Approaching TKI (tyrosine kinase inhibitor)-based therapy for the first-line management of ALK+ mNSCLC.
Joshua M. Bauml, MD: There are multiple tyrosine kinase inhibitors approved for first-line management of ALK-positive non–small cell lung cancer. When I look at them, there are 2 classes; the older drugs, crizotinib and ceritinib, which don’t have a lot of CNS [central nervous system] penetration, and the newer drugs approved in the first line, notably alectinib and brigatinib. Alectinib and brigatinib are both highly CNS penetrant ALK inhibitors, which are highly effective in the treatment of ALK+ non–small cell lung cancer. In the ALTA-1L study, brigatinib was found to be superior to crizotinib in terms of progression-free survival. In the ALEX study, the same finding was found for alectinib as compared to crizotinib.
How do I decide which one to use? Honestly, I think either are completely reasonable; it ends up being a bit of a coin flip in terms of which treatment we would use. The toxicity profile is a little different between these agents. Alectinib seems to have a higher rate of liver function test elevations, whereas brigatinib has a rare pulmonary event that happens usually early in the treatment. In terms of how we incorporate brain metastases into that treatment decision algorithm, both alectinib and brigatinib are highly CNS penetrant. If I have a patient who has brain metastases and if they’re asymptomatic and relatively small, I will often start with a tyrosine kinase inhibitor and follow closely with my colleagues in radiation oncology to ensure that the patient is having a nice response in the brain. I follow these patients very closely; I tend to see them in my medical oncology clinic about every 6 weeks, once with the nurse practitioner I work with, and then alternating with a scan and a visit with me. Then when we compare that to the radiation oncology follow-up for brain metastases, it’s dependent on how the brain metastases are working; I work closely with my colleagues in radiation oncology for that scheduling.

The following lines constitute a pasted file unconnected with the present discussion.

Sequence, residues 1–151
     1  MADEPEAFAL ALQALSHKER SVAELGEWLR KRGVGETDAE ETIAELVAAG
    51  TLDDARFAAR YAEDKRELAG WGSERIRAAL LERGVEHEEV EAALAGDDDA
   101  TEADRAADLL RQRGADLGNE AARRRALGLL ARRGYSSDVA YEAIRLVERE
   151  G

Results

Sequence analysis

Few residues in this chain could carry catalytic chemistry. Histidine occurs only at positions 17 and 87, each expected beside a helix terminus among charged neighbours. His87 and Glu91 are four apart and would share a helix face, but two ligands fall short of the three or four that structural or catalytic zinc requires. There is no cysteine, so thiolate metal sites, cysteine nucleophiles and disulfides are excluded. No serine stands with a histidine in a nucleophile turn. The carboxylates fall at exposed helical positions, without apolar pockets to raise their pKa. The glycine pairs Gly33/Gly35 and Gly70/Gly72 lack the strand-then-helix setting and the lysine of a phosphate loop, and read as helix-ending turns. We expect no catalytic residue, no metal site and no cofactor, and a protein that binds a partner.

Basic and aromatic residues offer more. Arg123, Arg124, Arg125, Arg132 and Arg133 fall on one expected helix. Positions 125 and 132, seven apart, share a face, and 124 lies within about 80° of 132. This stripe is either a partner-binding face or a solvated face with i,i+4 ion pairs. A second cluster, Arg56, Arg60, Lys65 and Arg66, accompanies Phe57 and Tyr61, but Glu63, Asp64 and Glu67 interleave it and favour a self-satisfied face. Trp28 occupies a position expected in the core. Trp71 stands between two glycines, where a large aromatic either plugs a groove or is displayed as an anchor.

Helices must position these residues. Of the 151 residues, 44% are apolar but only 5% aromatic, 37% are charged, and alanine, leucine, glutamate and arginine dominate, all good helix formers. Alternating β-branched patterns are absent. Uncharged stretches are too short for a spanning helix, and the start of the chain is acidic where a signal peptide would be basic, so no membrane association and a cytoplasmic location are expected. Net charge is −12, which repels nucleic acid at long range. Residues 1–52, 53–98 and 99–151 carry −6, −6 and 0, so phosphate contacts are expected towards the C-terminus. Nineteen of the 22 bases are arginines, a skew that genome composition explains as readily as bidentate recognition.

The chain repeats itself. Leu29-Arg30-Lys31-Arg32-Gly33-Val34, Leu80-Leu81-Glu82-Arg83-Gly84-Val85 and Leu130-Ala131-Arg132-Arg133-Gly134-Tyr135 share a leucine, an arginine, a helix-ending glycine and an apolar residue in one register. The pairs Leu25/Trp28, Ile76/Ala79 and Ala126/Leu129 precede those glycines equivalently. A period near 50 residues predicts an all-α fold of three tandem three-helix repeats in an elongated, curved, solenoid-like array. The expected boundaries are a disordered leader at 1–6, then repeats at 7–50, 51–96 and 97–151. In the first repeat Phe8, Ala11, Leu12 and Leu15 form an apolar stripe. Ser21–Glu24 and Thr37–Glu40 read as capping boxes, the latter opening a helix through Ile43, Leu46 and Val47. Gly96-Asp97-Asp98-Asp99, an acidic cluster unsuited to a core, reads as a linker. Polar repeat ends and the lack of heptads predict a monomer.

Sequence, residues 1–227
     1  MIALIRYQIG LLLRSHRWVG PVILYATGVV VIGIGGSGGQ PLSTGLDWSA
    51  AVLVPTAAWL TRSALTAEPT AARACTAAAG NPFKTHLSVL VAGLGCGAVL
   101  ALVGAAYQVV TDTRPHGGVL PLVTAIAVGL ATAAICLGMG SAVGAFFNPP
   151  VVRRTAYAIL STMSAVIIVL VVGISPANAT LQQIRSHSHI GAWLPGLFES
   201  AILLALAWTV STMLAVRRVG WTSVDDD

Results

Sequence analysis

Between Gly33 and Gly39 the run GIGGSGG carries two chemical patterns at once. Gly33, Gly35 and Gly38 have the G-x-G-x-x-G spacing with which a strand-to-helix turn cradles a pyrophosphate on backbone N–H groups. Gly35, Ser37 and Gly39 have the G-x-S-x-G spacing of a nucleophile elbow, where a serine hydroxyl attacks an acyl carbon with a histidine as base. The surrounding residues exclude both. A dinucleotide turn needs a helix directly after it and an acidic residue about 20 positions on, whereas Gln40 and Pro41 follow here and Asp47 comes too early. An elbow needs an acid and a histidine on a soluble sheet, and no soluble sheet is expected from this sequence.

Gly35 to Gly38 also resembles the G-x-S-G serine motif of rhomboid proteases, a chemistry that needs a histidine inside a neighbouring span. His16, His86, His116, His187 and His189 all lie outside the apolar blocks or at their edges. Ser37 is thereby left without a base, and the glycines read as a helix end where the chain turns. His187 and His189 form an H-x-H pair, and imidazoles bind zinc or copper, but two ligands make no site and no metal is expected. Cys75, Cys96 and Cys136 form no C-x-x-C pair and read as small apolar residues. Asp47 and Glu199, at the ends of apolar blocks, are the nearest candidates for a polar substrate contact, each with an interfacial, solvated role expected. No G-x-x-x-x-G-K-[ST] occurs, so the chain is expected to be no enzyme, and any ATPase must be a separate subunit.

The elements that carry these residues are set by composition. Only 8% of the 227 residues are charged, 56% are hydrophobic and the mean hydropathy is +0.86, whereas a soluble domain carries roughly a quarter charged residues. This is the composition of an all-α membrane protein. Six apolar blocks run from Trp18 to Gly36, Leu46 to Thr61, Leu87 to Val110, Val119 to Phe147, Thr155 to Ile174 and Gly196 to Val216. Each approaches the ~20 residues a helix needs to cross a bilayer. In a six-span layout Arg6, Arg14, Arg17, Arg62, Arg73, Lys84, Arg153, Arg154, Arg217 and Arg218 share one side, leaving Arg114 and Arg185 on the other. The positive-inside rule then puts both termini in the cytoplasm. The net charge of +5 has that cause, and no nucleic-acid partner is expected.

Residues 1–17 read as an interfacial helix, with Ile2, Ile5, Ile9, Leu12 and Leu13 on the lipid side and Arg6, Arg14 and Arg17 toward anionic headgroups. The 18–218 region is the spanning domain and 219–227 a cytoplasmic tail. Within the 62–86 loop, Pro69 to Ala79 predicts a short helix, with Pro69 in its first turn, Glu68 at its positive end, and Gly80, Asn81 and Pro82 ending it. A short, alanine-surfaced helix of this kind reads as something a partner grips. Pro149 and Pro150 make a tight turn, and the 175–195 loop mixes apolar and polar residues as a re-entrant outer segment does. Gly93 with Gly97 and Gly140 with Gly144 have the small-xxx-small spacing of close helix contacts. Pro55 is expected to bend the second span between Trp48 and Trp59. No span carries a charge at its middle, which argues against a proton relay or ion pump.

This transcript was edited for clarity.
A 57-Year-Old Man with ALK+ NSCLC